What I'd caution against is looking at any recently released indie or retro-style game and falling into the trap of thinking that it must have been well written.
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Old 03 February 2016, 15:15   #15
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What I'd caution against is looking at any recently released indie or retro-style game and falling into the trap of thinking that it must have been well written.
Good point
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Old 03 February 2016, 17:00   #16
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It's not like 80s or 90s when programmer had to squeeze all program into few floppies and memory/CPU was very limited, so true, games are not well written, but even after fixing all unnecessary code/memory/cpu issue, some games that look very simple might be way beyond what a 7MHz 1MB (or 14MHz 2MB) Amiga can do.

After gimbal's post I've read whole terraria tread, and yes - game looks very simple, but it's not at all. Event's are timed, player can effect tiles that are not on his screen etc. Something like 'light' version might be possible, but not sure if that would bring the same vibe...

Might be just proof of concept rather then full working game...
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Old 03 February 2016, 22:13   #17
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An example is the original Spelunky which looks like a 1994 game yet struggles to play at half the frames per second on a Pentium IV @ 1GHz.
It was a Game Maker game, and I believe it was released before Game Maker Studio.

I *love* Game Maker, but since it uses a interpreted language, it's kinda slow indeed. And it will be even slower if the coder also didn't optimize his code. It's very easy to make stuff go real slow on Game Maker if you don't care about it.
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Old 03 February 2016, 22:22   #18
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What I'd caution against is looking at any recently released indie or retro-style game and falling into the trap of thinking that it must have been well written.
You must also caution against making any kind of judgement at all without knowing the devs or the code. People do that way too often.

That being said indeedy games are often not well-written, because they don't have to be. Only really in competitions do people focus on code above results on screen and in the wallet.
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Old 03 February 2016, 22:33   #19
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You must also caution against making any kind of judgement at all without knowing the devs or the code. People do that way too often.
Yeah fair enough, this wasn't to disparage particular developers, especially given the (code)skeletons in my own closet

More that you only develop what you need, you only optimise as far as you need, to do more would take more time/money/effort. So even good developers ship things that are far from optimal.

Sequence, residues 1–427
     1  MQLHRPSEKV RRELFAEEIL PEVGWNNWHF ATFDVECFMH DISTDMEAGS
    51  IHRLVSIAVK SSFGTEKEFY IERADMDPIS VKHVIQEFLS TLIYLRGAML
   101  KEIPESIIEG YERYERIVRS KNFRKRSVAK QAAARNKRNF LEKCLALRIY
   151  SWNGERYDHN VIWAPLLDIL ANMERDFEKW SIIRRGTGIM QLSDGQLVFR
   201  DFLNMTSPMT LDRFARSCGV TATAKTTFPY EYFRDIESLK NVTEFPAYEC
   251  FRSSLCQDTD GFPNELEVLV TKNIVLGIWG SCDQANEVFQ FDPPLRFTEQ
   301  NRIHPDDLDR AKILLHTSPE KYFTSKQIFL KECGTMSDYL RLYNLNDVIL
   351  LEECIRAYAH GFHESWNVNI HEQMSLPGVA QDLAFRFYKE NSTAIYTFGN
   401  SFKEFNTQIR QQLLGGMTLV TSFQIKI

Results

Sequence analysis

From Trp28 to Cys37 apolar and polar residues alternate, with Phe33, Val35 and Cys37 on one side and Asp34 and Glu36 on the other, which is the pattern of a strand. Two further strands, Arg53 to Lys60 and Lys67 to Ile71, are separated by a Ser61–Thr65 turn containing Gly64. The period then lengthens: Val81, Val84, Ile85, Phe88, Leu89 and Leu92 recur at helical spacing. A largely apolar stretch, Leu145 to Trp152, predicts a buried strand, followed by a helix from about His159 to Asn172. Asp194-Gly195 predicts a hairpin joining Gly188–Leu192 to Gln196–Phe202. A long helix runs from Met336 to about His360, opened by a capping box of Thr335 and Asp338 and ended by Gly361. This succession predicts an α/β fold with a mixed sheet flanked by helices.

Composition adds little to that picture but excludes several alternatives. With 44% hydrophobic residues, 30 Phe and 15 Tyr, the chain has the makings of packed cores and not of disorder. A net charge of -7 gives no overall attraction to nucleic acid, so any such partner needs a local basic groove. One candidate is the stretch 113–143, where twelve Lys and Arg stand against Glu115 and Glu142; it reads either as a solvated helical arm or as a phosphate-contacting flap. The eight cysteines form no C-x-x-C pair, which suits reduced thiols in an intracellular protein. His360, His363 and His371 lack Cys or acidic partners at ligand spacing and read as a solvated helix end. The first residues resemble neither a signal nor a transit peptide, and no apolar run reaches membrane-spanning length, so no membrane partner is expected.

There are I think a lot of games that could be ported, maybe Terraria would be a big challenge, but plenty of others should be doable.
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Old 04 February 2016, 03:09   #20
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I have no way of knowing what they are doing, but I sure do know what is being discussed and what is being released here on EAB Not sure if you read my post the way I do, but I surely never implied to know what people are actually doing, but rather how these kind of projects usually end up after being here for almost 10 years.
You are right, I read way too much into your post than it contained.
I guess it was my subconscious guilt of not having produced anything yet which lead me to be a bit defensive.

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I'd rather play something fun and simple than seeing pages of posts that end up nowhere. But hey, each to their own and if that's what it means to be 'Amiga' these days I guess I'm just too old for this
As a non-coding user, I understand that it is frustrating because the end product is not visible and the discussion looks non productive but you will note that it is a common theme of all game developments which are advertised in the open to the community (in mainstream gaming):

People who only wait, feel time pass *very* slowly and do not understand why nothing (visible) gets produced.
People who produce, do not understand why the others are so impatient.

As a coder, seeing these pages of post is rather a good sign, it means there is reflexion and that any amount of reflexion will make coding easier.

Moreover, do not forget that we, humans, are heavily biased psychologically to take notice of things which do not work (or seem to not work) rather than of things which succeed.

There are many work in progress visible on the EAB which are fantastically encouraging and heartwarming:
- Alter Ego, Chase
- Lazycow's projects
- Earok's CD32 conversions/tweaks
- Jotd's CD32Load
- Galahad's conversions
- Meynaf's work
etc. Literally dozens of successful and ongoing projects and I am forgetting many others.

But what do we (myself included) notice?
The few which seem to linger on or fail, even when it is not even clear that they have failed yet, they might just be in a slow phase.

This is a well described phenomenon which is called the "bad world syndrome", everyone does that, and that's why news usually cover bad events more than good ones. It seems to be a natural human trait (and probably saved our lives when we lived in the jungle).

It's up to everyone of us to realize when we are falling prey to this tendency.
As far as I am concerned, I am thrilled by the amount of progress done left and right by people on the EAB.

(And I am off topic as usual, damn it, sorry.)